Book Review: Arctic Dreams By Barry Lopez
Arctic Dreams by Barry Lopez.
Published in 1986, the year of my birth, ‘Arctic Dreams’ continues to be one of the most important, well-known books written about the Arctic and its inhabitants. It isn’t an easy book to read. It’s not the sort you take with you on the train on a Saturday morning. It’s a book you read when it’s quiet and the front door is closed and locked, when you have a pen and notebook to hand and your phone and internet connection are both switched off. It’s a book you read when you have time to spare so you can fully immerse yourself. ‘Arctic Dreams’ is dense with engrossing information about Arctic history, nature, expeditions, scientists, discoveries and famous explorers. For me, reading it involved tackling a chapter a day. I found that I needed the time to sit back and mull over what I’d just taken in. Yes, it is that that rich in detail. Lopez is a poetic, thorough, thought provoking writer, one whose respect for the Arctic is apparent and highly admirable. His descriptions are exquisite, magical and continually mesmerising. ‘The polar bear is a creature of arctic edges: he hunts the ice margins, the surface of the water, and the continental shore. The ice bear, he is called. His world forms beneath him in the days of shortening light, and then falls away in the spring. He dives to the ocean floor for mussels and kelp, and soundlessly breaks the water’s glassy surface on his return to study a sleeping seal.’
Lopez isn’t afraid of getting close up, nudging in further and further, so we can experience as fully as possible. I have learnt so much from this book, and my respect for the Inuit, well, it has reached a whole new, higher level. Lopez talks often about the ways in which the Inuit communicate with the land and work it, and its inhabitants; with a peaceful, spiritual, practical approach. Nothing goes to waste. Every scrap, every sinew gets used. The ability of the Inuit to find multiple uses from walrus ivory, for example, is illustrated in the following passage. Otto Geist, excavating a Panuk site on Saint Lawrence Island in the 1920’s, made a list of items these people made solely from walrus ivory, each one designed to perform a specific task or serve a specific purpose. A dog-harness buckle. A wound pin to keep a seal from bleeding. Part of a fox trap. A tent-line tensioner. His list ran to more than a hundred items.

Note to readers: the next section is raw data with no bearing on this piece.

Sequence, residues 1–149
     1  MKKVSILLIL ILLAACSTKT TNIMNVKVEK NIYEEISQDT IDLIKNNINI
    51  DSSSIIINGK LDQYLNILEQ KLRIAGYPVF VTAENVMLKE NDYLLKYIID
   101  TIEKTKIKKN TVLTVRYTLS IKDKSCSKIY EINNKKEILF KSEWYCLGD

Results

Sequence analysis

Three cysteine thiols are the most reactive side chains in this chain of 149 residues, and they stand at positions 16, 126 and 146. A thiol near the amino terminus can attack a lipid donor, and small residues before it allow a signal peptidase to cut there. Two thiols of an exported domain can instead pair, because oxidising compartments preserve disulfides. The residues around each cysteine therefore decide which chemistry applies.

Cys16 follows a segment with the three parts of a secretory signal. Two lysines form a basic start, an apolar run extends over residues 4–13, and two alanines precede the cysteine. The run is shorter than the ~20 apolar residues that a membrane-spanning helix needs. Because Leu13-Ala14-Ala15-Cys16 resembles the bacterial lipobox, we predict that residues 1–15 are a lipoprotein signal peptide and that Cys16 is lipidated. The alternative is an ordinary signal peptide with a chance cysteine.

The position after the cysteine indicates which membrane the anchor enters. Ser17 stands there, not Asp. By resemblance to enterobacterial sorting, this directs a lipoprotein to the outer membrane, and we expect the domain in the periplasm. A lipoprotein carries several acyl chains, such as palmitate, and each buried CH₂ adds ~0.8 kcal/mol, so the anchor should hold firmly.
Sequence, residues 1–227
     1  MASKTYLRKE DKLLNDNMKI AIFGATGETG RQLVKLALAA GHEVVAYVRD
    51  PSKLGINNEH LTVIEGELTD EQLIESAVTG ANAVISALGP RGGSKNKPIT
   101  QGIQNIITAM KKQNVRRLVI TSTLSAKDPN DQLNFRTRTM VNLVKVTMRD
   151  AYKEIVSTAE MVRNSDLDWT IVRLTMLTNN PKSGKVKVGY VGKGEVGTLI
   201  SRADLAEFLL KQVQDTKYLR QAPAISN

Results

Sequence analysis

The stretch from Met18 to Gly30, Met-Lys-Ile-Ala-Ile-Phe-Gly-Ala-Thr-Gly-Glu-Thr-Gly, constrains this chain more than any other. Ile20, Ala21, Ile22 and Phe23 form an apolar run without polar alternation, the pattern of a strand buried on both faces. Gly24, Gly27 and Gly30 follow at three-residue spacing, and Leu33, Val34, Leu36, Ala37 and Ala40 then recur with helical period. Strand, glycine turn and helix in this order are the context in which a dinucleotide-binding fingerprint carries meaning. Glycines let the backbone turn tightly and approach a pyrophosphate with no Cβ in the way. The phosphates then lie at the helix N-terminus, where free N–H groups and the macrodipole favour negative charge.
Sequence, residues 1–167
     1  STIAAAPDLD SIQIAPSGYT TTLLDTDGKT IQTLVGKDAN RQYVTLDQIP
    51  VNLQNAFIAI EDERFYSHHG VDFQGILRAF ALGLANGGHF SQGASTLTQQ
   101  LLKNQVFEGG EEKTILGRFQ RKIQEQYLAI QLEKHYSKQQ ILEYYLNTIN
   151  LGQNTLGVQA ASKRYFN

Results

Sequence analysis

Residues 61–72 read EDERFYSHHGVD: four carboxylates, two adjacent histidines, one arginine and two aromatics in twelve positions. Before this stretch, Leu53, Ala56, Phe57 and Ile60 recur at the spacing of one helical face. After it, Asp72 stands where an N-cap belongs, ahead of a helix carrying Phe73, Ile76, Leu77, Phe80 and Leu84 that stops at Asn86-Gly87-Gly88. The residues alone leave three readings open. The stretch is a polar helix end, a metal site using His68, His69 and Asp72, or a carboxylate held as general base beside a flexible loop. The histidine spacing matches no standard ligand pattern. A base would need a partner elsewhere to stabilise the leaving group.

As I slowly journeyed through ‘Arctic Dreams,’ I found my knowledge steadily growing, and it delighted me that I was coming across such a vast amount of new information. I had imaged that I’d read most of what there was to know about the Arctic, and feared that I wouldn’t encounter anything fresh or new. How wrong I was. I learnt that Inuit have the ability to draw maps from memory alone. That as hunters, they believe they are bound into a sacred relationship with the animals they pursue. I learnt that the Inuit believe the Aurora Borealis is the play of unborn children, or, and this one I particularly like, the torches held by the dead to help the living hunt in winter. Some believe that ‘the lights’ respond to a soft whistle, and will come closer. I learnt that winter darkness could bring on the extreme winter depression the Polar Eskimos call perlerorneq, which means to ‘feel the weight of life,’ and that they can have amazing vision, spotting Caribou from three or four miles away. I enjoyed reading about family life, about the types of clothing the children would wear during their first days of life ‘…a cap made of arctic hare fur, underclothes of bird feathers, a hood made of caribou fawn with the ears attached.’ The following passages touched me deeply. ‘One is struck by the great efforts of the mother, especially, to confirm the child immediately in a complex and intricate relationship with the land, the future source of the child’s spiritual, psychological and physical wellbeing.’ Lopezcontinually highlights the ways in which the Inuit had life playing in a perfect balance, and highlights the ignorance, stupidity and greediness of the Europeans who permanently damaged the way of life of these indigenous people.
I have many, many post it note stickers throughout this book, and in this review I’ve only touched on a few sections that I have marked for future reference. Much has changed since 1986. Sea ice is melting faster than ever previously recorded and we are on the verge of losing the Arctic as we know it, due to our greed and sheer, bloody recklessness. Read this book then pass it on. Then by another one and pass that on too.